Dr. Philip Keiser, who leads the Galveston County Health District, said Monday the woman, a Galveston resident between 30 and 35, died on Dec. 29 after being treated at a local hospital for several months.
Keiser offered scant details about the woman’s specific case, citing patient confidentiality regulations, saying only that she had primarily been using vaping products delivering THC, the main psychoactive compound in marijuana. She had presented symptoms of severe lung disease at the time she was admitted to the hospital.
“We’re very sad to report this death. I think it’s very sobering that we’re still seeing deaths from vaping illness,” Keiser said. “This is a very serious public health threat, and we would encourage people to avoid vaping products if at all possible.”
Nationally, over 2,500 cases of vaping-related illness have been reported, according to the Centers for Disease Control and Prevention, with public health officials working to determine what the cases have in common and what might be the cause.
The outbreak of vaping illnesses is still considered a mystery because e-cigarettes — battery-powered devices that heat flavored liquid, sometimes laced with nicotine or THC, and turn it into a vapor the user inhales — have been used for years without known association with disease.
Keiser noted e-cigarettes have frequently been marketed as alternatives to smoking and he has personally treated patients who have quit smoking cigarettes by transitioning to vaping.
As of Friday, at least four other confirmed or probable cases in Galveston County sent patients to the hospital for e-cigarette or vaping associated lung injury.
Texas announced its first vaping fatality in October, an older woman in North Texas. Dallas County health officials announced last week that a teenager died due to complications from vaping.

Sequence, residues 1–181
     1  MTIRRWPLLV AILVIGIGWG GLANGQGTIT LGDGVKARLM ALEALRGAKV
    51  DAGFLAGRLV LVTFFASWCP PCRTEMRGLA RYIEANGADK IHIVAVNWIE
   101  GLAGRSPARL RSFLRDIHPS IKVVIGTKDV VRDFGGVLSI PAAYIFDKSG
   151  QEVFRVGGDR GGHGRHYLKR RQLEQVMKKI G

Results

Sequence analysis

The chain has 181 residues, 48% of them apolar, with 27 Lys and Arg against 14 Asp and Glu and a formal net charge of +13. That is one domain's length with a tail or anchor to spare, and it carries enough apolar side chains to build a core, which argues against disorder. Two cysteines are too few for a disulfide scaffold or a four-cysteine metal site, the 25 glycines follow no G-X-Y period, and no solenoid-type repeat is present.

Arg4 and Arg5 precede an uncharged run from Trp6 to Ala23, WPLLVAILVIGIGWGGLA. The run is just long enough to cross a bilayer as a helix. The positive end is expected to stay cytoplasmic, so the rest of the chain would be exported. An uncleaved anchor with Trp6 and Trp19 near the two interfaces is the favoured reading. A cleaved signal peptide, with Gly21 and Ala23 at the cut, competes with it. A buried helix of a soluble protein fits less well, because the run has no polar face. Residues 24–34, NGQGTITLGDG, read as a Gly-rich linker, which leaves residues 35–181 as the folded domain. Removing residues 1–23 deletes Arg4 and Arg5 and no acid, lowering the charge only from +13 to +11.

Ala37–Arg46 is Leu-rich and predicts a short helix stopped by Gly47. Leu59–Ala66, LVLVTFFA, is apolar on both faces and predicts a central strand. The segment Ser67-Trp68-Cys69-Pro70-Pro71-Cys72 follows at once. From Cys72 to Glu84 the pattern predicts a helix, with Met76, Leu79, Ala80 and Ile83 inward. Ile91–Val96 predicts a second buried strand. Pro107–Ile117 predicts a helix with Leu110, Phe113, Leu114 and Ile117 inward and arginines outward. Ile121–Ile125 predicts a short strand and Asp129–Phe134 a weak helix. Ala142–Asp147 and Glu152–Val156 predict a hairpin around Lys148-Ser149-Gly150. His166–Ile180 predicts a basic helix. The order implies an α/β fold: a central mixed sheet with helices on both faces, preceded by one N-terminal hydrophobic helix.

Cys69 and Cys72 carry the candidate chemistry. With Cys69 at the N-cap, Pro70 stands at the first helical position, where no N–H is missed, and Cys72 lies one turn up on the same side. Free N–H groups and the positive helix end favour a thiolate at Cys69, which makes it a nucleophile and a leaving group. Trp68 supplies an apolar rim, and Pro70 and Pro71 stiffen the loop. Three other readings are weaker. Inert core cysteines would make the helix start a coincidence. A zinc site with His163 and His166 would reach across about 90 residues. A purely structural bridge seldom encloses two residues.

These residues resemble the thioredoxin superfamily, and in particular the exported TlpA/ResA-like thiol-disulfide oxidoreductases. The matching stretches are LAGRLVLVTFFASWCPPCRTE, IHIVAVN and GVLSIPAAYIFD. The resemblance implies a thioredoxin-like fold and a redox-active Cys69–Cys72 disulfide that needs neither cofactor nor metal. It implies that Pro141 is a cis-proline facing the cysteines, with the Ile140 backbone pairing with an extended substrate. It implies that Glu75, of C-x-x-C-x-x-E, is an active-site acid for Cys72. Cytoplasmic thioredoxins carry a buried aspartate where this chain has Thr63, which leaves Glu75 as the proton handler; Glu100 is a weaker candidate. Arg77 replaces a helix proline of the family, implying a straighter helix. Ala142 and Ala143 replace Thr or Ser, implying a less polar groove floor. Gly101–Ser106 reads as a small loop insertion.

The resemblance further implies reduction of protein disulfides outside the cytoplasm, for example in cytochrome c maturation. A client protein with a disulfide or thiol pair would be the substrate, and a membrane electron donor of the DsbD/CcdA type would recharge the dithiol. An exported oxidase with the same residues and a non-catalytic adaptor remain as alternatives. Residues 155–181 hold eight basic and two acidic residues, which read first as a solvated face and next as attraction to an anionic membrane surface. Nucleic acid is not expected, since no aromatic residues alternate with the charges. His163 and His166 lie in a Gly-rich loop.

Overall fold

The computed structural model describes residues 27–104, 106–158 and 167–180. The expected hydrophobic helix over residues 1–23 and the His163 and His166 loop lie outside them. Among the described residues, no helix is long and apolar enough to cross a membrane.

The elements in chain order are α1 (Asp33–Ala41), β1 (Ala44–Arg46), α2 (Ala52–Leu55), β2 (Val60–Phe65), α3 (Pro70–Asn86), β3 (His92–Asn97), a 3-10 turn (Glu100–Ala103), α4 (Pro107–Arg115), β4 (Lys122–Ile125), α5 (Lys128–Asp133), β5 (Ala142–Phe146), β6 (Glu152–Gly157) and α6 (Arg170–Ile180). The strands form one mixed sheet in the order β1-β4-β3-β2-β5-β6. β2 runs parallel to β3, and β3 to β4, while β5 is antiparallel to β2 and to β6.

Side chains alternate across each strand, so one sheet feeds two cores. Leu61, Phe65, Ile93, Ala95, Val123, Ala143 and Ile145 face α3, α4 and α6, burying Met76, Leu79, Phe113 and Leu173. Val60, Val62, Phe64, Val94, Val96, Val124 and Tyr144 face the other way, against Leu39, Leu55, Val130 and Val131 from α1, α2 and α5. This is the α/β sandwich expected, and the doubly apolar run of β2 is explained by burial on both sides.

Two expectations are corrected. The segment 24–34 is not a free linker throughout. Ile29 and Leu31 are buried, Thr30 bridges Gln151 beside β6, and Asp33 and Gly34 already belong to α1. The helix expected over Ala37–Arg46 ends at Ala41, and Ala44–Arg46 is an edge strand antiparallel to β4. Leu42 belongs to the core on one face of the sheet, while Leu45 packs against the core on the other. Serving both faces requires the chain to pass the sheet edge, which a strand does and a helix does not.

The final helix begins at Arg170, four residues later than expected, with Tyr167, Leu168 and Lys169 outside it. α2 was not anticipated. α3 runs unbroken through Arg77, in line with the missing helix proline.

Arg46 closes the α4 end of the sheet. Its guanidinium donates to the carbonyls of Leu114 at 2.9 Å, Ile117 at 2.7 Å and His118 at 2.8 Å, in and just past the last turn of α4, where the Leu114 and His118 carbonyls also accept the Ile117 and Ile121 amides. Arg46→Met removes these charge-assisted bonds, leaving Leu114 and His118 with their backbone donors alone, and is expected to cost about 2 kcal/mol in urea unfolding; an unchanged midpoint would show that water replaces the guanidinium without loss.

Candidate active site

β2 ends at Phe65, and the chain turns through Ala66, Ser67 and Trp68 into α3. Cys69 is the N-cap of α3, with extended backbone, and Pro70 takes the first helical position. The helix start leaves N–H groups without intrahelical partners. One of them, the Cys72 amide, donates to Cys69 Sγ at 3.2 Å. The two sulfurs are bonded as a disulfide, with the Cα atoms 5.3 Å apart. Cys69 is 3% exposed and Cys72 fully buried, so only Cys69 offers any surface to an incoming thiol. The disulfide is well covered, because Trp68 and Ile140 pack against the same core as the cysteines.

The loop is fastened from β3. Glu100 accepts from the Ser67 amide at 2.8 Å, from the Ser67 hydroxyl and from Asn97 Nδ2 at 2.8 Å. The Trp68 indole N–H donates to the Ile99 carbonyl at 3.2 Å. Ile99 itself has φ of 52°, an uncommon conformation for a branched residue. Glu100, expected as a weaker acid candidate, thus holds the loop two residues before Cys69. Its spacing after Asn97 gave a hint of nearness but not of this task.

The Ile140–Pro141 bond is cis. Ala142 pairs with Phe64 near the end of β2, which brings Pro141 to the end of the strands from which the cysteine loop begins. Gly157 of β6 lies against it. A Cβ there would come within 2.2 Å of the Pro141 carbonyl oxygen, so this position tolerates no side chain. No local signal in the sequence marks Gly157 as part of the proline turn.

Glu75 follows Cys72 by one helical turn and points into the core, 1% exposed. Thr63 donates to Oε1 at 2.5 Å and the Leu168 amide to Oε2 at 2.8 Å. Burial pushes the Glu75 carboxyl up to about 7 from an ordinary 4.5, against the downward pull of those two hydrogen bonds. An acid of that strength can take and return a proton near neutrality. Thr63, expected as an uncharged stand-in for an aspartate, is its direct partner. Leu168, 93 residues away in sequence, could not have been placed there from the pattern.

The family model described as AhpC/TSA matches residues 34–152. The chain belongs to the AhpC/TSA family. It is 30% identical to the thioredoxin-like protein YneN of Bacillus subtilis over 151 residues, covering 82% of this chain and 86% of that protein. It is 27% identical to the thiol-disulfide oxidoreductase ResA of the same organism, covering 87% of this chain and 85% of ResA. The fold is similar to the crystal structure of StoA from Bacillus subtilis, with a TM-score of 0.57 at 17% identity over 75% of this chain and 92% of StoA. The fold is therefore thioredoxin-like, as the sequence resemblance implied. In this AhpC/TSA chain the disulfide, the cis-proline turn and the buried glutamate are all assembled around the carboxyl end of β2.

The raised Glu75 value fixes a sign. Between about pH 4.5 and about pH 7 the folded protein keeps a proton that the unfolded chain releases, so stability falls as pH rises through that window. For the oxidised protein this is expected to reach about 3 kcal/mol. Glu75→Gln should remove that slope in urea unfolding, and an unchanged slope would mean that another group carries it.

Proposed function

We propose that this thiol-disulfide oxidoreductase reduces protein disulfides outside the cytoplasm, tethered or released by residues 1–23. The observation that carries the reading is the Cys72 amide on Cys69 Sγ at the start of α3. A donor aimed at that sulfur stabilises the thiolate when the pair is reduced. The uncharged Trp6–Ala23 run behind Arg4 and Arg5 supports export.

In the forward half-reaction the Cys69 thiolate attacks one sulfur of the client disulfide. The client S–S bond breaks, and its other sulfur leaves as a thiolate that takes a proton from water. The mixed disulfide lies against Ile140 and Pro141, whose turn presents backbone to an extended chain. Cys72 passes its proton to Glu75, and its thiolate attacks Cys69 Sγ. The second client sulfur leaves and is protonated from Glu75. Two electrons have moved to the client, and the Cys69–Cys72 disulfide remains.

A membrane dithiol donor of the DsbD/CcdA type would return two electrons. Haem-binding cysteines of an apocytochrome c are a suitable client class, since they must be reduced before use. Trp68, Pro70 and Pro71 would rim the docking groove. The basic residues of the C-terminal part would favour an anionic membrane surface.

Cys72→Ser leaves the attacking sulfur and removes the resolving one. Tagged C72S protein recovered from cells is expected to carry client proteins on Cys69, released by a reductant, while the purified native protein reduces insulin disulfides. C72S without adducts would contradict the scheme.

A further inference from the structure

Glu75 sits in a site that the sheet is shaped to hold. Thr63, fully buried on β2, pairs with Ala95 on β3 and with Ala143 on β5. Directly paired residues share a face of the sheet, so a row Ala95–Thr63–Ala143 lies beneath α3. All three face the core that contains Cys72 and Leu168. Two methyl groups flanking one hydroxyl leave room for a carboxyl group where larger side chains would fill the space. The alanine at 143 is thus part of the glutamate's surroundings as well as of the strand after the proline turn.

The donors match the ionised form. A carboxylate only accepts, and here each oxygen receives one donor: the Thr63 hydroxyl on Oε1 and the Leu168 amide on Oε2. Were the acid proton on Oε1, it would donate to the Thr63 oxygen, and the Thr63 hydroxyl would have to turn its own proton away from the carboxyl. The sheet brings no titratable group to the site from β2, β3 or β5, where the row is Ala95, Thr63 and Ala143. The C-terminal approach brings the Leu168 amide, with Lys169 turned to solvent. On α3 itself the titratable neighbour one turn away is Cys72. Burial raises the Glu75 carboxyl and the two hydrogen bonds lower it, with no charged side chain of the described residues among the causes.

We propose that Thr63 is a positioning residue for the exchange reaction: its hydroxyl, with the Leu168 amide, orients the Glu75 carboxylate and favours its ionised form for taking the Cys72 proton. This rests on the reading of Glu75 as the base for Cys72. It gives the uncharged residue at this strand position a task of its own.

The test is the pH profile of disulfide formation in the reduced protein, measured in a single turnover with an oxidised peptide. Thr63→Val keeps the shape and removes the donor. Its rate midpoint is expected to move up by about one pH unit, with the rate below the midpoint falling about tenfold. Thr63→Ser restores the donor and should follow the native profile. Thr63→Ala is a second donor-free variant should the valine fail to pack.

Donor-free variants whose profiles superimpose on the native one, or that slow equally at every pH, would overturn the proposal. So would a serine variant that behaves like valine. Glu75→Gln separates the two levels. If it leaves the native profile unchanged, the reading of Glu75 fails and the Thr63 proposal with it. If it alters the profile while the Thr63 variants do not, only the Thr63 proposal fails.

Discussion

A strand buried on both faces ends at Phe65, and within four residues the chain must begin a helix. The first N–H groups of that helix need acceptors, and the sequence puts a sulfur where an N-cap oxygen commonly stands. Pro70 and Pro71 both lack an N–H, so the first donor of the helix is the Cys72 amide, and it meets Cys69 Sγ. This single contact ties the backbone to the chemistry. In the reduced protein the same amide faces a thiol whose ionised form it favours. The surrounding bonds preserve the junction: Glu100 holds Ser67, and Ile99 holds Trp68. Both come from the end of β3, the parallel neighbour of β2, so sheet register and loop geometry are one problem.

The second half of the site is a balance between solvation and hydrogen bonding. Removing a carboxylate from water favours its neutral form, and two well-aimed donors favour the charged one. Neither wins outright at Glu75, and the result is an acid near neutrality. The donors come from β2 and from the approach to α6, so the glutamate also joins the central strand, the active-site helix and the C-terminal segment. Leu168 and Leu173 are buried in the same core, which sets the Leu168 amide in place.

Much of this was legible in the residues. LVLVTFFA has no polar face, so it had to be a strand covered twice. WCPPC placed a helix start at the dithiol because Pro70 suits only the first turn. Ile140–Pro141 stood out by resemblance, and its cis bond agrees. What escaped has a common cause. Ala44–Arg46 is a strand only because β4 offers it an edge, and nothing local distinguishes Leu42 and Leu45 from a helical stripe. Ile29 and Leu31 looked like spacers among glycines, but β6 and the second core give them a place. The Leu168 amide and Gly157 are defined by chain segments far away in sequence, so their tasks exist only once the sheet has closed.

The vitamin E acetate used in vaping products to make THC, nicotine, and other compounds soluble to smoke may be closely associated to lung disease, Keiser said. The acetate latches onto the lungs, creating fat deposits that inhibit breathing and cause inflammation.
The outbreak of illnesses has been indiscriminate, affecting teenagers as young as 13 as well as older adults up to 75.
In Texas, which began tracking vaping illness since August, 228 cases of severe lung disease have been identified in people who report vaping before developing symptoms, according to the latest figures published by the state health agency on Thursday. Southeast Texas, which includes Harris and Galveston counties, has reported 43 cases of vaping illness.
The median age for patients in Texas is 22, and about one-quarter of the people affected in Texas are minors. Roughly 90 percent of users interviewed by state health officials acknowledge vaping products containing THC.
No state or federal law requires the reporting of vaping-related illnesses. Any information about vaping cases comes from physicians who voluntarily report cases to local health districts, who then pass the information on to the state. The Texas Department of State Health Services investigates each case and then reports findings to the CDC.
Patients who present symptoms of vaping-related illness are often treated with steroids, and sometimes put on ventilators in severe cases. Keiser said it is “too early” to know whether steroid treatment is the best course of treatment because not enough evidence exists to prove its effectiveness.
The outbreak of illness among young people caught the attention of President Donald Trump last fall, prompting a flurry of new federal regulations overseeing vaping products. The Food and Drug Administration moved forward on Thursday with a ban on fruit- and mint-flavored products used in e-cigarettes and vaping products. The new rule, which does not apply to menthol and tobacco-flavored products, goes into effect in 30 days.
Texas has also taken steps to prevent teens from obtaining e-cigarettes. State lawmakers last year raised the age to buy all nicotine products to 21.
Keiser said these new regulations on vaping are a “good start,” and believes more rules will be issued as health officials learn more about the illnesses. He added he would advise parents to keep close tabs on their children that might be using vaping products.
“It’s really dangerous, people die from this,” Keiser said. “I think that’s the real message we have to get through. This is something that was just recognized six months ago, and look at the number of deaths we’ve had and how rapidly it occurs.”
The CDC recommends those who continue to use vaping products should monitor themselves to ensure they are not experiencing some of the symptoms associated with vaping and e-cigarette illness, including cough, shortness of breath, chest pain, nausea, vomiting, stomach pain, diarrhea, fever, chills or weight loss.
Staff writers Michelle Iracheta and Todd Ackerman contributed reporting.